Great input by all of you. And thanks razie for the video link. I have watched a lot of JFB's instructional videos and they are great. Lots to be learned from them. One of the things that JFB is trying to teach in his video is "direction" over "compression". He also teaches how to release and how to create outside ski pressure. This is also something I do. This is for example the reason I don't teach up-extension to flatten the skis and release when wedge turning. For the same reasons JFB described in his video. We are both trying to avoid compression. You don't want to compress where you should actually extend. The pressure build up is a result of other movements. Instead I teach how to distribute the pressure between the skis in order to have them turn one way or another. More friction on your left ski is going to turn you right. More friction on your outside ski is going to turn you inside.
One thing he does not teach in the video is how to up-unweight his turn initiation. In his case its just a result of other movements. Mainly change of direction. Here is one of the few differences between my and JFB's teaching method. Even if the result is the same. I don't teach the release by sliding sideways and direction by turning my legs and feet but instead I teach direction by edging and balancing movements in combination with leg turning but more importantly the release by pressure control. Note that we are reaching the exact same goal, just going there a bit differently.
Who was first, the egg or the chicken? I'm referring to active vs passive weight transfer. Who was first, outside ski pressure or turning? On this issue I'm with Tim except that in my video the movements were much more subtle than they would be during a lesson. At the very beginning, first lessons first 5 minutes, I go for a 100% active weight transfer. In this case it would be me standing on flat snow and showing how I transfer weight from one side to the other by leaning sideways with my upper body. The reason is that there is no speed that is the critical component of passive weight transfer. As we progress onto the bunny slope and start wedging down the hill, bending sideways to create pressure helps in two ways: the skis turn easier and we start to ingrain the angulation movement. At the other end of the spectrum, advanced carving and ski racing, there is a 100% passive weight transfer. That means that we only tip our skis and there through we get the turn forces react upon us. Still we need to actively angulate in order not to bank. So the active weight transfer served a very important purpose. And why not learn it from our very first 5 minutes of our first lesson?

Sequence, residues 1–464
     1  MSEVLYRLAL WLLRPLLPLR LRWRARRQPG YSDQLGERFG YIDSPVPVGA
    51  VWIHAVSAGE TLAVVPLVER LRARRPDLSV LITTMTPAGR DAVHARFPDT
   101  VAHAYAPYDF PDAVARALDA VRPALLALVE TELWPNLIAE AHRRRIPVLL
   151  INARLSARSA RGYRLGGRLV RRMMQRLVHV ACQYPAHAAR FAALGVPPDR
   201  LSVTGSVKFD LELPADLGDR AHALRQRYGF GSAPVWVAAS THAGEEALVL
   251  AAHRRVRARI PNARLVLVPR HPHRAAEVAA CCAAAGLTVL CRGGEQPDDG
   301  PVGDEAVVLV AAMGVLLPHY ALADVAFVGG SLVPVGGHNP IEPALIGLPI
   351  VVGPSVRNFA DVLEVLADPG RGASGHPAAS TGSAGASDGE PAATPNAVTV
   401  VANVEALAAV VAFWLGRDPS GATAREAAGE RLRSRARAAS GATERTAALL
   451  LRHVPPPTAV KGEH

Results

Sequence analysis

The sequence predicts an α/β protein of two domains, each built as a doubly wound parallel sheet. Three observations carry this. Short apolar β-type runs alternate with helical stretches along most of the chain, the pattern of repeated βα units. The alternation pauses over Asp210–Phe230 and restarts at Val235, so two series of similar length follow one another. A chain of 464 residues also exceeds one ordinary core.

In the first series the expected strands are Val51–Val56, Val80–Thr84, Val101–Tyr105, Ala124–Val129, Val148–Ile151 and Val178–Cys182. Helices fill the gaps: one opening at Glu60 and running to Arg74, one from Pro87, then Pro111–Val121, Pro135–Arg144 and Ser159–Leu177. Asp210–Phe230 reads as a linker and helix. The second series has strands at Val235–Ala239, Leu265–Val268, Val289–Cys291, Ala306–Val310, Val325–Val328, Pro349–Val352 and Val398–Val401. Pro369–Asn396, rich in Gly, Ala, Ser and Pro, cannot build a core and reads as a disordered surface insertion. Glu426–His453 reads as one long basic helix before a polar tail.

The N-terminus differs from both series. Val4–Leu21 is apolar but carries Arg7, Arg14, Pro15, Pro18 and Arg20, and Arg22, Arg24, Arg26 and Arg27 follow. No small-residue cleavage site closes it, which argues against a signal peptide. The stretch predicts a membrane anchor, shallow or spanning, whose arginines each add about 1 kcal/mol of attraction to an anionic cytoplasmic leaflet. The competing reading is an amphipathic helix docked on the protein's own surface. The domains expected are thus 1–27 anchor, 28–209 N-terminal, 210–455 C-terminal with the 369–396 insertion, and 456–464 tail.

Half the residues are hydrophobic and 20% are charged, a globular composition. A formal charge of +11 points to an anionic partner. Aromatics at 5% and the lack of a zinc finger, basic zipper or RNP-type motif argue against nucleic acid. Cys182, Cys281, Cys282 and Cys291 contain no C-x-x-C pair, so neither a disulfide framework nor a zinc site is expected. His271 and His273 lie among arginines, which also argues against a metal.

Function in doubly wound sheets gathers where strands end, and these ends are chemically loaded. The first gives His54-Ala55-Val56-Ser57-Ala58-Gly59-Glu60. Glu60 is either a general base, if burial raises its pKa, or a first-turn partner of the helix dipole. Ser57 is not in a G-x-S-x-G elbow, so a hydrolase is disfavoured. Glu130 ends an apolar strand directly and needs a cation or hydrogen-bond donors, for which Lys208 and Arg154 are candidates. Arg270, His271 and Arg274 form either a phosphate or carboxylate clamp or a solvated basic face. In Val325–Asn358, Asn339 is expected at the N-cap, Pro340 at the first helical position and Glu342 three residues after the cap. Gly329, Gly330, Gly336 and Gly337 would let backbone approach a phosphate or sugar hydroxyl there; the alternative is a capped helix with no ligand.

I particularly liked JFB's segment starting at 07:30. A great demo of how not to compress into your turns. I have this great wedging exercise where you turn in a wedge by releasing the inside ski by lifting its tip of the snow. This is a butt killer but very effective in teaching outside leg extension, proper hip placement, angulation, inside ski tipping and ridding that up-down motion we don't want. At 07:47 you can see JFB's version of it where he is not actively lifting that inside ski but still does almost the exact same movements.
One slight difference between JFB and myself is that I'm not so absolute in my teaching. I like the way he holds his grounds. Something I could definitely learn a lot from .